Mindful Breathing: Ocean Breath

There are so many benefits of mindful breathing and increasing the length of the breath cycle. This is free and easy to do. It also can be done at anytime during your day! The magic is in the slowness of the breath cycle. Consciously breathing and lengthening the cycle to around 10 seconds per breath or 6 breaths per minute. This is a switch from unconscious breathing to consciously breathing and watching the breath, setting a little internal timer in your head to count the inhale and exhale length. There is some effort to slow down the inhale in a comfortable and smooth manner. However, there is no need to force out the exhale, the diaphragm has a natural rebound effect. The focus should be on the slow and smooth inhale and the slight pauses.

“Four S’s” of breathing exercises: Maintain a smooth, slow, subtle and steady breath

Each breath is unique. I encourage you to try this practice without expecting a precise count with each inhale and exhale. If you are new to this technique, I encourage you to start small. Begin with 3 to 5 cycles of the Ocean Breath and then just relax and let your unconscious breathing take over again.

Side note if you want to follow the route of your breath according to how your diaphragm works, you can do the following. As you inhale, follow the breath as it fills the upper chest (aka upper lobes of the lungs), then expands the rib cage and the finally can be felt in the belly due to the diaphragm contracting and moving slightly downward. The exhale will be the verse of this route as the diaphragm returns back to the upside down dome-shaped muscle near your low ribs.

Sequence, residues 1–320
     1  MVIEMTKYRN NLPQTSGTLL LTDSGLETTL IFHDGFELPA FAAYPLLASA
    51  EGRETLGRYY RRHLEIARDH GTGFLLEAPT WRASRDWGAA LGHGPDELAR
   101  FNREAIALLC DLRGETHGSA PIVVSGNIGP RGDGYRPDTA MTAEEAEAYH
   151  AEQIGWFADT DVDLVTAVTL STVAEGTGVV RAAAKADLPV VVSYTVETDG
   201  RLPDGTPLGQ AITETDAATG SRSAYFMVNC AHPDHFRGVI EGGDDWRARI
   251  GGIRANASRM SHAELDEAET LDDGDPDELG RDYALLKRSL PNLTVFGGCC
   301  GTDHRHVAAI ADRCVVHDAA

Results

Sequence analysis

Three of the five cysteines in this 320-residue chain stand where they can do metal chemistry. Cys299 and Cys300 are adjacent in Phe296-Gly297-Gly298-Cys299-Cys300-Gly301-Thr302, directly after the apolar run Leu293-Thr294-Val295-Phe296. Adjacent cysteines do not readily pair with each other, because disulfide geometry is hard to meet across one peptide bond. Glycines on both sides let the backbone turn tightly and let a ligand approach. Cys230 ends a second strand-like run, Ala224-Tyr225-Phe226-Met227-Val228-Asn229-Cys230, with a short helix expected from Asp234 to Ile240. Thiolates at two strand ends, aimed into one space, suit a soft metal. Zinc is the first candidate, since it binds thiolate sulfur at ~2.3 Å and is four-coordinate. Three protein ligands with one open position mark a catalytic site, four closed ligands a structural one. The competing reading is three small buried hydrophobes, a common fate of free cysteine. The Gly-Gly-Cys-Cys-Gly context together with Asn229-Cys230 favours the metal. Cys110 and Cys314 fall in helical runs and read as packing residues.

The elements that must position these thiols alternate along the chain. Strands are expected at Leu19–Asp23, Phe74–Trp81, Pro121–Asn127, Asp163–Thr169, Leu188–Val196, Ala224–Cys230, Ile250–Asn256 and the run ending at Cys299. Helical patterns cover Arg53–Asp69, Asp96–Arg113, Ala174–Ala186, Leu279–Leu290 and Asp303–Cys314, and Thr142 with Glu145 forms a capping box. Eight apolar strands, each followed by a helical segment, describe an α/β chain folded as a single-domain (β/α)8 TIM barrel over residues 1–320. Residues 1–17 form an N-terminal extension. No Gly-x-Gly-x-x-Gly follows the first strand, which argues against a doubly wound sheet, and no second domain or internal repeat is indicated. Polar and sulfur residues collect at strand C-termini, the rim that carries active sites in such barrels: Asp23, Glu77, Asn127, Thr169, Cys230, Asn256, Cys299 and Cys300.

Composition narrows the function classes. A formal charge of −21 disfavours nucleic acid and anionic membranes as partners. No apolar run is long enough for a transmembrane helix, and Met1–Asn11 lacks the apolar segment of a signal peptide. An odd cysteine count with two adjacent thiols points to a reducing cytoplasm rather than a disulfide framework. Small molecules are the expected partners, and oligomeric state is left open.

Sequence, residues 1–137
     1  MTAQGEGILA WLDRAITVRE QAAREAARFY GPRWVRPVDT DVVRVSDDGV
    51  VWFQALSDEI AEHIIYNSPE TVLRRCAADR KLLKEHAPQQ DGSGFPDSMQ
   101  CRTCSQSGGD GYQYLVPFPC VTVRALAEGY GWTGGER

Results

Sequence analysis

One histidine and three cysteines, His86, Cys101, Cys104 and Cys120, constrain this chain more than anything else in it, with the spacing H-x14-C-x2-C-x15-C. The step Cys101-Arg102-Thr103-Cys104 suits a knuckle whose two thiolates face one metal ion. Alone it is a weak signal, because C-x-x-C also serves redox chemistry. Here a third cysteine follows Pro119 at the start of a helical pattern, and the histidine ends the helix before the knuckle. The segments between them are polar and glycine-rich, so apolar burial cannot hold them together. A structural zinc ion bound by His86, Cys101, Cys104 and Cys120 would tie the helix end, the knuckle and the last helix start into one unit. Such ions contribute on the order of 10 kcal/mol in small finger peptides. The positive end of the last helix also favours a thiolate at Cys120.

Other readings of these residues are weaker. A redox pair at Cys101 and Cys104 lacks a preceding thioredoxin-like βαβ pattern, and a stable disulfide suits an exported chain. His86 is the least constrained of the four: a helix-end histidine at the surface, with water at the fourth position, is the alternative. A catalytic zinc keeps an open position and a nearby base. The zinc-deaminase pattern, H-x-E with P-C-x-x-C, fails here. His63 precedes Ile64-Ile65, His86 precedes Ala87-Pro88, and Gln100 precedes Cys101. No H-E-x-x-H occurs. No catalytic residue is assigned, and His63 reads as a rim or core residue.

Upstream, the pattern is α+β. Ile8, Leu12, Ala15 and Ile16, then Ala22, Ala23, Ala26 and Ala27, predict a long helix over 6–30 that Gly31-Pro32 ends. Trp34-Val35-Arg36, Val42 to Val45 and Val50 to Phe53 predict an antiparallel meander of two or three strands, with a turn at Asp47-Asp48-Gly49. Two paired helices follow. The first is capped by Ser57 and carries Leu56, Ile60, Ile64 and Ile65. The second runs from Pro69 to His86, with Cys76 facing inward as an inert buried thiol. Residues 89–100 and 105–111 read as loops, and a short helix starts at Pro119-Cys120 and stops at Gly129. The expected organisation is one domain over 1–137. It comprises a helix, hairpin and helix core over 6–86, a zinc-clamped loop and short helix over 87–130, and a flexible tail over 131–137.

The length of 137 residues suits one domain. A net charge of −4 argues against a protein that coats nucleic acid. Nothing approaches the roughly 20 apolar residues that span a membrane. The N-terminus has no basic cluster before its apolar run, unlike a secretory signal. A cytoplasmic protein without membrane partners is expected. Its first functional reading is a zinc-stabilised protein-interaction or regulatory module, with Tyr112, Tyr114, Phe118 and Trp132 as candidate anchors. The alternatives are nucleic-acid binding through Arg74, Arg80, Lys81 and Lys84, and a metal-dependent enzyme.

Simple Pranayama Exercise: Ocean Breath

  • Find a comfortable seated position so your spine can be long. Sit on some height like folded blankets or a cushion. If this is very uncomfortable, then practice in supported bridge pose with a block under your pelvis/sacrum.
  • Inhale for 4 seconds
  • Pause for 1 second
  • Exhale for 4 seconds
  • Pause for 1 second


  • Activates your Parasympathetic Nervous System (PNS) which is your rest/digest/recover nervous system. The great part is just your breath alone can enable this response. You may notice an increase in the saliva in your mouth and a decrease to the rate of your heart beat.
  • Increases heart rate variability
  • Healthy for your vagus nerve which is your pathway of information to and from the brain and organs.
  • Improves baroreflex or the way your body automatically changes blood pressure
  • Improves exercise tolerance. This is the reason we are encouraged to breathe through your nose slow and smooth while exercising.
  • Increases blood oxygenation which means the heart does not need to work as hard since there is an increase in the amount of oxygen in the blood stream.

Recommended books

  • https://yinyoga.com/the-yinside-of-breathing/
  • The Complete Guide to Yin Yoga by Bernie Clark
  • Breath: The New Science of a Lost Art by James Nestor
  • Yoga as Medicine: The Yogic Prescription for Health and Healing by Timothy McCall
  • Relaxation Response by Herbert Benson